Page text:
Asking, “Can you drink too much water?” might sound like a dumb question, considering every cell and organ in your body requires a steady stream of the stuff to function properly (the bottled water industry constantly reminds us of this). But the truth is, you certainly can drink too much water — and doing so could even be the death of you.
What Happens If You Drink Too Much Water
Hyponatremia, aka water poisoning or water intoxication, is a condition that occurs when the sodium levels in our body fluids drop due to excess water consumption. This causes our cells to swell (particularly those in the brain), which in severe cases, can result in seizures, brain damage, coma and even death. Even scarier is the fact that hyponatremia is much more common than most people realize: A study published in 2005 in the New England Journal of Medicine suggests nearly one in six participants in 2002’s Boston Marathon experienced some degree of hyponatremia.
While death is reserved for only the most severe cases of water poisoning, it does happen: A 2002 report describes how three U.S. soldiers (one of whom was going through basic training) died due to hyponatremia and cerebral edema (that’s when excess fluid accumulates in the brain, causing a central nervous system dysfunction). Note, however, that these soldiers drank a ton of water in an extremely short period of time: The deaths were associated with drinking 2.5 to 5.6 gallons of water in just a few hours.
Nutritionist Carolyn Dean points out that hypothermia isn’t the only negative side affect of drinking too much water: “Clear urine may mean you’re drinking too much water, and therefore, you’re losing essential minerals like magnesium — lighter shades of yellow (rather than totally clear) tend to show that you’re properly hydrated,” she explains, adding that a magnesium deficiency can cause everything from irritability and anxiety to seizures and coronary spasms.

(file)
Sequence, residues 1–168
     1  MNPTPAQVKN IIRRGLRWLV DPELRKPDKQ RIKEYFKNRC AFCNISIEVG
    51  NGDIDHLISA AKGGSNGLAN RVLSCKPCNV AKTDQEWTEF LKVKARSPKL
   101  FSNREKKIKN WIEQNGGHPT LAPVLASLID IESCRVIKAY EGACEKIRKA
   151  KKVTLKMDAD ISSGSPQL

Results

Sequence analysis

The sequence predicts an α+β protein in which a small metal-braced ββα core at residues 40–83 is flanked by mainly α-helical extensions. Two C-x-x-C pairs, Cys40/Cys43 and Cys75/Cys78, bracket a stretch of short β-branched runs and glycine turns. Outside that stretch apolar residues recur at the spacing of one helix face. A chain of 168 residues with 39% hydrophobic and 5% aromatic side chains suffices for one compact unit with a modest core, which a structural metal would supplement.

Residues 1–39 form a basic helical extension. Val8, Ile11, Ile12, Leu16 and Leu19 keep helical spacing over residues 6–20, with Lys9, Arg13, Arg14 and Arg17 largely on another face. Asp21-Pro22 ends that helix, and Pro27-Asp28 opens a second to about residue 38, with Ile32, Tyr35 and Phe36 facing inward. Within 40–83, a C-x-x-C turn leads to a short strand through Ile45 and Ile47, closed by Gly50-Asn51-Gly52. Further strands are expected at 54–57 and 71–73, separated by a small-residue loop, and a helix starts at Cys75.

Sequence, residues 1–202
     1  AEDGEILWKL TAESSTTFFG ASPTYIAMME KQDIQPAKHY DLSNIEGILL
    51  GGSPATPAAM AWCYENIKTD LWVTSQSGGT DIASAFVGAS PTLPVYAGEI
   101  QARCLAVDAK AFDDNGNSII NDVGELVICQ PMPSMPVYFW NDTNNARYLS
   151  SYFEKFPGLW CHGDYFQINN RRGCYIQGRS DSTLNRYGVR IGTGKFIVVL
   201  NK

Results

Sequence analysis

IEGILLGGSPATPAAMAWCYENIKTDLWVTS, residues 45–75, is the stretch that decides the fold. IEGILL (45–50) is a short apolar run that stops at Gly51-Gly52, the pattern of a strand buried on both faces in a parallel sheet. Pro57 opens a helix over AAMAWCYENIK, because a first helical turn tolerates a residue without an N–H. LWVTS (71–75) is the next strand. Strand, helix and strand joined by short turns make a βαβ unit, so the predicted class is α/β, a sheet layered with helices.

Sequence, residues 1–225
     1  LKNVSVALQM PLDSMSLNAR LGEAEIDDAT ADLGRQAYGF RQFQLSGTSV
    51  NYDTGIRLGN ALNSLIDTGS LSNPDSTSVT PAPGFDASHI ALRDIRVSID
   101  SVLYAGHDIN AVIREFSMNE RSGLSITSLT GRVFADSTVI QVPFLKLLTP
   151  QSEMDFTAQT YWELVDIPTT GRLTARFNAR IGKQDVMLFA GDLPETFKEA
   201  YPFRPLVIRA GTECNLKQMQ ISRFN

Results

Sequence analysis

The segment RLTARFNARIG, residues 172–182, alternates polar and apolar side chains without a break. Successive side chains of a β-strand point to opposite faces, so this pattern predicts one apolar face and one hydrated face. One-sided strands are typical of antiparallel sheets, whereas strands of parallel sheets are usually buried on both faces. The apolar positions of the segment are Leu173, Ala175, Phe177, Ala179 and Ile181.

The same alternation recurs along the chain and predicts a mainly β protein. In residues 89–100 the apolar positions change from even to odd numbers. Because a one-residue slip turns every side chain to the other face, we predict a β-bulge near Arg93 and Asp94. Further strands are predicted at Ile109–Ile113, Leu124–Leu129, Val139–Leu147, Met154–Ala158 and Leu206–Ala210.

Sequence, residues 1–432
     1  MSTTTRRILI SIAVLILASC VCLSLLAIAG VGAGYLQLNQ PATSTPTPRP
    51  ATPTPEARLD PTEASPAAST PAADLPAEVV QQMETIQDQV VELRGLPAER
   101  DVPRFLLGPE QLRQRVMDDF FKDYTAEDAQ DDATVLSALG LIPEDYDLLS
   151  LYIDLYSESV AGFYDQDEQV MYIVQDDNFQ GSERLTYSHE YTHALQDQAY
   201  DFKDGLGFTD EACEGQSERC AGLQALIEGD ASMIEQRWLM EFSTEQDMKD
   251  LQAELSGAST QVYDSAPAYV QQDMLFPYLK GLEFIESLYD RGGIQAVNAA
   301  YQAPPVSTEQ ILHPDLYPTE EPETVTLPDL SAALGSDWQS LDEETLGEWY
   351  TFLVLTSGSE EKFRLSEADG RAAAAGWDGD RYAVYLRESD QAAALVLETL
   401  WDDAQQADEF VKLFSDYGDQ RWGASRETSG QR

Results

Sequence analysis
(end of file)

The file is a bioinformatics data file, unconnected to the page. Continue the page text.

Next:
So, once and for all, can you drink too much water? Heck to the heck yes.
How Much Water Is Too Much Water?
According to a 2013 study, symptoms of hyponatremia can occur after drinking just one gallon of water within a few hours. A more specific way to understand how much water is too much water is to look at how much fluid your kidneys can process: A 2007 panel explained that the kidneys are capable of excreting up to seven gallons of fluid per day. However, they can’t excrete more than around 0.25 gallons per hour (that’s four eight-ounce glasses of water) — therefore, drinking any more water than that can lead to minor hyponatremia symptoms, like confusion, nausea and vomiting. (Again, the soldiers who died from hyponatremia drank a whopping 2.5 to 5.6 gallons of water — that’s 40 eight-ounce glasses of water on the low end and nearly 90 eight-ounce glasses of water on the high end — in just a few hours, so it takes a lot to actually drink yourself to death).
How Much Water Is Just Right?
As we learned in a previous article debunking the myth that we need to drink eight glasses of water per day, how much water you actually need to drink depends on a couple of things:
How much water you need to drink also depends on how much hydration you get from other sources, like water-rich foods or non-water beverages (while soda, for instance, does count toward your daily water intake, it also contains additives like sodium and caffeine that can potentially dehydrate you if you’re sensitive to caffeine). Sharad Paul, author of The Genetics of Health, puts it simply: “The best guide for staying hydrated is drinking water when your body asks for it.” Recent research found that it becomes more difficult to swallow water when you’re already hydrated, so more specifically, listen to your throat.
In other words, it’s a matter of common sense.
To sum up what happens if you drink too much water: Your cells expand, which will lead you to feel like crud. Then if you continue drinking, you might just drink yourself to death — all of which leads us to believe that, “Can you drink too much water?” actually isn’t such a stupid question after all.